The side of the dam is grassed and descends very steeply down quite a distance before levelling out to a perfectly flat open grassed area, which edges the Lower Pierce Reservoir. It's perfect for kicking around a ball or letting the kids run wild. Niels loved running down the slope, screaming "My brakes are on fire!!!!" (see the last photo).

Although we didn't notice it on this trip, there is a 900m boardwalk through the forest from the Lower Pierce Reservoir through mature secondary forest, whcih is part of the central catchment area and covers 2000 hectares of primary and secondary rain forest. And you all thought that Singapore was just a city!

Being Singapore they have thoughtfully provided clean toilets and hand washing facilities, loads of picnic tables, seating, and rain shelters. It's a great place to visit and I recommend it highly, especially if you've got kids who need to let off steam. Even if their brakes do catch fire!

Thursday, January 10, 2008

Monkeying Around

It seems we have more in common with monkeys than we thought! A primatoligist here in Singapore has discovered that monkeys are engaged in the world’s oldest profession – paying for sex. The laws of supply and demand are alive and well in the free market world of monkey prostitution, with the females raising their ‘price’ – the amount of time they want to be groomed before they will consent to sex – if there is a scarcity of available females, and lower their price if there’s plenty of competition. The males have obviously figured out that a little foreplay is worth the effort! Below is the complete article.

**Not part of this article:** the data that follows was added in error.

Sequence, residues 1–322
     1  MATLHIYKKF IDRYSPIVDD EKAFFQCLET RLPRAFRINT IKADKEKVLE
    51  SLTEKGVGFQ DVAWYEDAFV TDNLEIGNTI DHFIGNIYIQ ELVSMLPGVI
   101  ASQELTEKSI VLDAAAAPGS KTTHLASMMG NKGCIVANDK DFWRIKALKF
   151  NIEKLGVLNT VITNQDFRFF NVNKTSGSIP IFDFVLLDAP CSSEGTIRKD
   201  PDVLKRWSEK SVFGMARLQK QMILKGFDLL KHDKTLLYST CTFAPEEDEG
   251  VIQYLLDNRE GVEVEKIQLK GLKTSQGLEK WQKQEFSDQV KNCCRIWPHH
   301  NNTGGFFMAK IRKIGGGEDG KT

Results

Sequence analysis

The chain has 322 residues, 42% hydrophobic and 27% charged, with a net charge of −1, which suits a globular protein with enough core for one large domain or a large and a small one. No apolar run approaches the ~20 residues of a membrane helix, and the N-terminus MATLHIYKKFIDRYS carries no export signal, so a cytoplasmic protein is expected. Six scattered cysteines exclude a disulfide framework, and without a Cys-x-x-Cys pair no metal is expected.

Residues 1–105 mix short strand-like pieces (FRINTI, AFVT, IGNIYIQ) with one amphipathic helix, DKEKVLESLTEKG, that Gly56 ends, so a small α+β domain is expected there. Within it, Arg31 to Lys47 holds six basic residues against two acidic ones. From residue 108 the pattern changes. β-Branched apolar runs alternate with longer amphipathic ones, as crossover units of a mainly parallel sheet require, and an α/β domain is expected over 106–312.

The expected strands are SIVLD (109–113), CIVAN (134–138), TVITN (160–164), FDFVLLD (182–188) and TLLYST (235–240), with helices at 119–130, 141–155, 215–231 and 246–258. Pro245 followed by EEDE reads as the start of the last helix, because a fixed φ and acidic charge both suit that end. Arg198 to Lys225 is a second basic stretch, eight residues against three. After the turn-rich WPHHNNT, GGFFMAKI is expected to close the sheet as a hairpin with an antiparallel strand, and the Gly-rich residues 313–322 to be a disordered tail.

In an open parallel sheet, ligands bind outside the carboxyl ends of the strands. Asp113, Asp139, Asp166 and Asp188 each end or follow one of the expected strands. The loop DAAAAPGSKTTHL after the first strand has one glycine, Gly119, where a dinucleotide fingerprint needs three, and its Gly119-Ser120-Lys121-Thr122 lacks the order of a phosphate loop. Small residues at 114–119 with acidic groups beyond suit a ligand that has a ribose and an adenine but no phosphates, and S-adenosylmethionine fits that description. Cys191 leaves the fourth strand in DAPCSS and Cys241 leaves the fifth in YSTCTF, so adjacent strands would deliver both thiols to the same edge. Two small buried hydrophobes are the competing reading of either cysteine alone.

SINGAPORE - Male macaque monkeys pay for sex by grooming females, according to a recent study that suggests the primates may treat sex as a commodity.

"In primate societies, grooming is the underlying fabric of it all," Dr. Michael Gumert, a primatologist at the Nanyang Technological University in Singapore, said in a telephone interview Saturday.
"It's a sign of friendship and family, and it's also something that can be exchanged for sexual services," Gumert said.
Gumert's findings, reported in New Scientist last week, resulted from a 20-month observation of about 50 long-tailed macaques in a reserve in Central Kalimantan, Indonesia.
Gumert found after a male grooms a female, the likelihood that she will engage in sexual activity with the male was about three times more than if the grooming had not occurred.
And as with other commodities, the value of sex is affected by supply and demand factors: A male would spend more time grooming a female if there were fewer females in the vicinity.
"And when the female supply is higher, the male spends less time on grooming ... The mating actually becomes cheaper depending on the market," Gumert said.
Other experts not involved in the study welcomed Gumert's research, saying it was a major effort in systematically studying the interaction of organisms in ways in which an exchange of commodities or services can be observed _ a theory known as biological markets.
Dr. Peter Hammerstein, a professor at the Institute for Theoretical Biology at Humboldt University in Berlin and Dr. Ronald Noe, a primatologist at the University of Louis-Pasteur in Strasbourg, France, first proposed the concept of biological markets in 1994.
"It is not a rare phenomenon in nature that males have to make some 'mating effort' in order to get a female's 'permission' to mate," Hammerstein said in an interview, likening the effort to a "fee" that the male pays.
"The interesting result of Dr. Gumert's research on macaque mating is that the mating market seems to have an influence on the amount of this fee," Hammerstein said.
Hammserstein said Gumert's findings indicate the monkeys are capable of adjusting their behavior to "different market conditions."